* New foreword by the author Praise for the original edition of Buchanan Dying "Buchanan Dying is an abundant, even opulent, creative act . . . very often Mr. Updike's fantastic talent for mimicry produces quite marvelous results." -Arthur Schlesinger Jr., The Atlantic Monthly "Using the excuse of 19th Century speech, Updike has indulged his love of beautiful, ornate prose; we can sink deep into sentences balanced like mobiles and turned like pots on the wheel." -Joyce B. Markle, The Chicago Tribune To the list of John Updike's well-intentioned
* New foreword by the author Praise for the original edition of Buchanan Dying "Buchanan Dying is an abundant, even opulent, creative act . . . very often Mr. Updike's fantastic talent for mimicry produces quite marvelous results." -Arthur Schlesinger Jr., The Atlantic Monthly "Using the excuse of 19th Century speech, Updike has indulged his love of beautiful, ornate prose; we can sink deep into sentences balanced like mobiles and turned like pots on the wheel." -Joyce B. Markle, The Chicago Tribune To the list of John Updike's well-intentioned protagonists-Rabbit Angstrom, George Caldwell, Piet Hanema, Henry Bech-add James Buchanan, of Pennsylvania, the harried fifteenth President of the United States (1857-1861). In a play meant to be read, Buchanan, on his death bed, relives his political and private lives. A wide-ranging afterword rounds out the dramatic portrait of one of America's lesser known and least appreciated leaders. For this edition Updike has written a new foreword, discussing the two productions of the play and the historical context in which it was written. John Updike was born in 1932, in Shillington, Pennsylvania, and has lived in Massachusetts since 1957. He is the author of more than fifty books, and his novels have won the Pulitzer Prize, the National Book Award, the National Book Critics' Circle Award, and the Howells Medal.
Best known for a series of novels featuring Harry "Rabbit" Angstrom, John Updike was one of the 20th century's most distinguished American authors. Over the course of his long, prolific career, he garnered numerous literary awards, including two coveted Pulitzer Prizes!
With an uncommonly varied oeuvre that includes poetry, criticism, essays, short stories, and novels, two-time Pulitzer Prize winner John Updike helped to change the face of late-20th-century American literature.
Born in Reading, Pennsylvania, Updike graduated summa cum laude from Harvard in 1954. Following a year of study in England, he joined the staff of The New Yorker, establishing a relationship with the magazine that continued until his death in January, 2009. For more than 50 years, he lived in two small towns in Massachusetts that inspired the settings for several of his stories.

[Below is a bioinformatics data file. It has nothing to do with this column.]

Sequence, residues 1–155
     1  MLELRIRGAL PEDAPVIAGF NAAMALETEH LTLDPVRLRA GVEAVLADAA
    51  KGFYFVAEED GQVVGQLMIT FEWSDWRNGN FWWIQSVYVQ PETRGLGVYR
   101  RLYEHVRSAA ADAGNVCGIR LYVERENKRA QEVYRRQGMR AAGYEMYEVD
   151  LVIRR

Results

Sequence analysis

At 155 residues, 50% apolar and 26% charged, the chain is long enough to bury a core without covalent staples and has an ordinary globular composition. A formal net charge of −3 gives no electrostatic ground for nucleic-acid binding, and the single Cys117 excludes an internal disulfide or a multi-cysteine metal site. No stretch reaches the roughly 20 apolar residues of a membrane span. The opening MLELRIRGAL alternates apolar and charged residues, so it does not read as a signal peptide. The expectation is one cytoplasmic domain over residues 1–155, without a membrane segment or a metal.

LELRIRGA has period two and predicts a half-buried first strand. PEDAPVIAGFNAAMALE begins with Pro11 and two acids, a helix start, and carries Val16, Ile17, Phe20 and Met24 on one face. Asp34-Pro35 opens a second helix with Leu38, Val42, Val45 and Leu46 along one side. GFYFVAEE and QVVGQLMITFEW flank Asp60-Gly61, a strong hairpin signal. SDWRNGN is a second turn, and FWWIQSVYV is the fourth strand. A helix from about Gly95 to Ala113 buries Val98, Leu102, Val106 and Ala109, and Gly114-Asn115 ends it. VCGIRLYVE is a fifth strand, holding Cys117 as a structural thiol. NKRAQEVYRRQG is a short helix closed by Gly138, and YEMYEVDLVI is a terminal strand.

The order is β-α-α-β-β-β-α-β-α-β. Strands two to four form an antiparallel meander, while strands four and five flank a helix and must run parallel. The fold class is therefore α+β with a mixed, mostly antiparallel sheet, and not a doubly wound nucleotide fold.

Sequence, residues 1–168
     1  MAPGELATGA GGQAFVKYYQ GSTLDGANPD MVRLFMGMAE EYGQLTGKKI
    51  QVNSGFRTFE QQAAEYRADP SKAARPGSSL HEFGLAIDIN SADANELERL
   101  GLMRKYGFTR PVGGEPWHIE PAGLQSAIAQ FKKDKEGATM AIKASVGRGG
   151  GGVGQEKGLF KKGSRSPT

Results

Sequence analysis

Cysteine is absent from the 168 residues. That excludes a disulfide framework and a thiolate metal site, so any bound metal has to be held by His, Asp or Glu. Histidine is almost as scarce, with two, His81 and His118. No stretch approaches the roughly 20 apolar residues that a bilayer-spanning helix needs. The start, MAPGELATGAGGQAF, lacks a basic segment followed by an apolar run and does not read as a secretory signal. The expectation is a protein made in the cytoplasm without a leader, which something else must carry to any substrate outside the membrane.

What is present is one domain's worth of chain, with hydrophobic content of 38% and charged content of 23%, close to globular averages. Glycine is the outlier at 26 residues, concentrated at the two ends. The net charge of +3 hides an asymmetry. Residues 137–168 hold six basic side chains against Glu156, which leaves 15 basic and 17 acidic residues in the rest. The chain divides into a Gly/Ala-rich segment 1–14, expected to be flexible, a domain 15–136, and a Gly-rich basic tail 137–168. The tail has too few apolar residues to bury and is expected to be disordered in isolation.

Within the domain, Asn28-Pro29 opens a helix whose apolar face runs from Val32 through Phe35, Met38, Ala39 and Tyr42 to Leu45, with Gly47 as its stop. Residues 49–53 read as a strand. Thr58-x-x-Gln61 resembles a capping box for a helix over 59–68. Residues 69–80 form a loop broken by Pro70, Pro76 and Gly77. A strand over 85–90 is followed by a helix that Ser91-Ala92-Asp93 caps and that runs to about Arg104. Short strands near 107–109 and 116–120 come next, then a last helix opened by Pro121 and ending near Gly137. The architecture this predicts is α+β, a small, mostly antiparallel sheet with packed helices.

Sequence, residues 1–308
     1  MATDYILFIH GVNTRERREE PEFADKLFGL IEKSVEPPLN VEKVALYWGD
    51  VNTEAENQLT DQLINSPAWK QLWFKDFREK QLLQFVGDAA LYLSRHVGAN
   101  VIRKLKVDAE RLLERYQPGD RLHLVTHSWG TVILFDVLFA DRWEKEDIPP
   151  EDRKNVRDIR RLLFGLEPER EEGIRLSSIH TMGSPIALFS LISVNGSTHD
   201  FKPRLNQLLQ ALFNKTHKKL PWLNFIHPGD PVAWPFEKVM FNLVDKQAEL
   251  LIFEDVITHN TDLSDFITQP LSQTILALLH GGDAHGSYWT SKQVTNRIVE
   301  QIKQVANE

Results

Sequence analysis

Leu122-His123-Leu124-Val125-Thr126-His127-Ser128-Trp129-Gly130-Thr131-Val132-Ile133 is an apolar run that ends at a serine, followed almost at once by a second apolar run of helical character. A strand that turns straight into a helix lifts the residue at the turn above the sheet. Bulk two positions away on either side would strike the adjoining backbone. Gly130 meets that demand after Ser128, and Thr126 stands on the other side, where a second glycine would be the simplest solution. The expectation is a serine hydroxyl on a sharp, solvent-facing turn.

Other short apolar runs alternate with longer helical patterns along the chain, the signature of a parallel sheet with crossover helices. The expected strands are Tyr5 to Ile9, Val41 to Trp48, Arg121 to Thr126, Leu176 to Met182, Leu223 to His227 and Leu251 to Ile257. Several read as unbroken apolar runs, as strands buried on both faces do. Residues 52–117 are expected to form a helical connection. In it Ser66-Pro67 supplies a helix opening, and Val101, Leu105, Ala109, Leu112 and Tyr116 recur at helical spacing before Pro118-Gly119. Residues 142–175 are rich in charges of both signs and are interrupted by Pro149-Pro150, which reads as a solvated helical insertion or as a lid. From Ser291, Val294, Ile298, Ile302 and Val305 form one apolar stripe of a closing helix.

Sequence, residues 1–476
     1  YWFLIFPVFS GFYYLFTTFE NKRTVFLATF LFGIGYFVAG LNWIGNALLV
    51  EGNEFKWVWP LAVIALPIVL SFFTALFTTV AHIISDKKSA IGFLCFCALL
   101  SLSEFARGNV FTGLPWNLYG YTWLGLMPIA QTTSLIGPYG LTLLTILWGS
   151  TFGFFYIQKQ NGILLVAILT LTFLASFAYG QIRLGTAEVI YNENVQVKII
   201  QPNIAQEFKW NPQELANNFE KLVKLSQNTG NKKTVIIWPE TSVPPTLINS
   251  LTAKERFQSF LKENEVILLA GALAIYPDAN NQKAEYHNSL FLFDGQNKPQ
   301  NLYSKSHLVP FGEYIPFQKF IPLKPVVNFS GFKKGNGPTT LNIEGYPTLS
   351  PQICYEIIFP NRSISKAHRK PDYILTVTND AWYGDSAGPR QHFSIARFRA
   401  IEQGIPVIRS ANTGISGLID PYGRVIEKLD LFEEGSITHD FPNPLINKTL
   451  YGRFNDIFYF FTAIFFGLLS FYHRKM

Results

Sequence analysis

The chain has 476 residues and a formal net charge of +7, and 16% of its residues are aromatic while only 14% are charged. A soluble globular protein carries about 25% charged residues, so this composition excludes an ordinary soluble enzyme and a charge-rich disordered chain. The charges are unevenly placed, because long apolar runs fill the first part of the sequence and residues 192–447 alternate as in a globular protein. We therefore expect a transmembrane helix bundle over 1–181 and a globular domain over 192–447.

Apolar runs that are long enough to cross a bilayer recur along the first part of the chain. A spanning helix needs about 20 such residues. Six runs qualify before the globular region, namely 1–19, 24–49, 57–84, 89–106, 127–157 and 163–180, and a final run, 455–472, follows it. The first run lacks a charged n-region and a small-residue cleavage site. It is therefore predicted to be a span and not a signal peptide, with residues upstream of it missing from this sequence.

In 1958, Updike's first collection of poetry was published. A year later, he made his fiction debut with The Poorhouse Fair. But it was his second novel, 1960's Rabbit, Run, that forged his reputation and introduced one of the most memorable characters in American fiction. Former small-town basketball star Harry "Rabbit" Angstrom struck a responsive chord with readers and critics alike and catapulted Updike into the literary stratosphere.
Updike would revisit Angstrom in 1971, 1981, and 1990, chronicling his hapless protagonist's jittery journey into undistinguished middle age in three melancholy bestsellers: Rabbit Redux, Rabbit Is Rich, and Rabbit at Rest. A concluding novella, "Rabbit Remembered," appeared in the 2001 story collection Licks of Love.
Although autobiographical elements appear in the Rabbit books, Updike's true literary alter ego was not Harry Angstrom but Harry Bech, a famously unproductive Jewish-American writer who starred in his own story cycle. In between -- indeed, far beyond -- his successful series, Updike went on to produce an astonishingly diverse string of novels. In addition, his criticism and short fiction became popular staples of distinguished literary publications.
Good To Know
Updike first became entranced by reading when he was a young boy growing up on an isolated farm in Pennsylvania. Afflicted with psoriasis and a stammer, he escaped his self-consciousness by immersing himself in drawing, writing, and reading.
An accomplished artist, Updike accepted a one-year fellowship to study painting at the Ruskin School of Drawing and Fine Arts at Oxford University. He decided to attend Harvard University because he was a big fan of the school's humor magazine, The Harvard Lampoon.
One of the most respected authors of the 20th century, Updike won every major literary prize in America, including the Guggenheim Fellow, the Rosenthal Award, the National Book Award in Fiction, the O. Henry Prize, the American Book Award, the National Book Critics Circle Award, the Union League Club Abraham Lincoln Award, the National Arts Club Medal of Honor, and the National Medal of the Arts.